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Exclusive - The nation's last remaining example of medieval farming is to be sold




A NATIONAL treasure, the nation's last working feudal village, is being put up for sale.

The Advertiser revealed back in January the Crown Estate's acceptance it may not be the best owner for the Laxton Estate, which has operated an open field system and Court Leet, a farming practice common-place throughout the country since medieval times, but now the last existing working example, and, this week, it confirmed it was for sale.

“The Laxton estate is a unique asset that preserves an important part of Britain’s agricultural heritage," a spokesman for the Crown Estate said.

"As a commercial real estate business, we recognise we may not be best placed to manage the estate moving forwards and have therefore reached a decision to sell. In doing so, our focus will be on finding an appropriate purchaser who values Laxton’s unique role and history and who is fully committed to preserving it for the future.

"As we progress our work to find a suitable owner for the estate, we’ll continue to work closely with local tenants and interested stakeholders, to keep them informed.”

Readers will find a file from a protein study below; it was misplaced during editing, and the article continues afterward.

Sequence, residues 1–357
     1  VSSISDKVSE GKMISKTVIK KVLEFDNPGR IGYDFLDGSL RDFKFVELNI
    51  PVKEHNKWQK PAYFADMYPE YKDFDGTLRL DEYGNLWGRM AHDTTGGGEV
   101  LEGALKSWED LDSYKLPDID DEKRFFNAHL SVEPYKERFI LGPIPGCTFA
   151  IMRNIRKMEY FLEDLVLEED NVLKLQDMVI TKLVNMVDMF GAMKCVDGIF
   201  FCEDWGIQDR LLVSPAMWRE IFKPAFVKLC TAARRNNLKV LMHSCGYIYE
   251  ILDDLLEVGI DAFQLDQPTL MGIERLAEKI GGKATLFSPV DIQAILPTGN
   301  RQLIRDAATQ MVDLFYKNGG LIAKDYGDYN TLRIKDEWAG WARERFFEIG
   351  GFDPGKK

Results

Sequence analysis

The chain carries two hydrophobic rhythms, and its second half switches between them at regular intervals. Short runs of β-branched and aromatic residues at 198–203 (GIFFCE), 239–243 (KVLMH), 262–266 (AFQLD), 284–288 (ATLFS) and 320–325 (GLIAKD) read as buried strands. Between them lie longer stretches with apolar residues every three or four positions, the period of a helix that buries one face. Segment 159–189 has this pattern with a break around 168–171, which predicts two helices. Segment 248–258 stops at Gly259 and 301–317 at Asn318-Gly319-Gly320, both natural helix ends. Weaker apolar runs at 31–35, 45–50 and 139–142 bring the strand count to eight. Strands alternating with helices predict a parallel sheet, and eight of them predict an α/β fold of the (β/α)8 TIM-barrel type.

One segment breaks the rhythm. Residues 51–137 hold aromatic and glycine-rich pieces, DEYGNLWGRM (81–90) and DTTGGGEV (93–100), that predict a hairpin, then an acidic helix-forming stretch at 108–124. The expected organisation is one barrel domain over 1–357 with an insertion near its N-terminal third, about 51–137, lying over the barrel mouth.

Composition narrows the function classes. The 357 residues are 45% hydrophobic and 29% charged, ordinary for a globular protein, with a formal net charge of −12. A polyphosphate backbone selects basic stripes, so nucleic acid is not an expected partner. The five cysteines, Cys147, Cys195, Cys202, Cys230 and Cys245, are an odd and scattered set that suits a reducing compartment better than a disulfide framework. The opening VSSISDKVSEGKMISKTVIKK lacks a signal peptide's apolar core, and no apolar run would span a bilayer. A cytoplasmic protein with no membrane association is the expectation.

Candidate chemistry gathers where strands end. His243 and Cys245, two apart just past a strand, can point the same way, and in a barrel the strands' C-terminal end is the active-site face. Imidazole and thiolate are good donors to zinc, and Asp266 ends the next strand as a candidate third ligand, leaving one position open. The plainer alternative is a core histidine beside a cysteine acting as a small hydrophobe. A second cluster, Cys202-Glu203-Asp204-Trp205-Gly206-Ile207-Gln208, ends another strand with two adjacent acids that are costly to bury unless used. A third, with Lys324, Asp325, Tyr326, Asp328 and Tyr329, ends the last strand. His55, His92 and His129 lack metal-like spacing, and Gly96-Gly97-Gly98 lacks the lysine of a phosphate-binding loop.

One leading academic, argues the Laxton system is so special that it deserves the same level of protection, UNESCO, as world heritage sites such as Stonehenge or the Great Pyramids.

Such is the significance of Laxton, doubts over its future were brought to the attention of the Environment Secretary, Michael Gove, by the MP for Newark, Robert Jenrick.

The Crown Estate has owned the Laxton Estate since 1981, giving a Parliamentary undertaking at that time to support the Open Field System.

Laxton has a series of open, unhedged fields divided into lengths known as furlongs, which are sub-divided into flatts.

Farmers own flatts in various furlongs in each field, which are policed annually by a jury to ensure farmers are not encroaching on each other’s land.

Laxton Court Leet ­— the only court of its kind in the world ­— enforces farming rules dating back to Medieval times.

The estate goes up for sale on October 19 and a brochure will be produced and made available to interested parties. The asking price is not yet known.

The chairman of Laxton and Moorhouse Parish Council, Mr Mike Manning, who has lived in Laxton since 1973 and is also a trustee of the Laxton Visitor Centre, said the council was informed by email at 5.30pm yesterday.

It was the parish council's disquiet about the way the estate was being managed that is said to have tipped the Crown Estate's hand.

"In May of last year were concerned the open field system wasn't being managed correctly and there seemed intent to break up the farms," said Mr Manning.

"They moved a commuter rather than a farmer into one of the farmhouses and re-allocated the strips and then made further rental gain by selling the outbuildings to livery.

"None of that smacked of preserving the farming system as we know it that has existed since medieval times.

"Whoever buys the estate will be taking on a huge amount of work.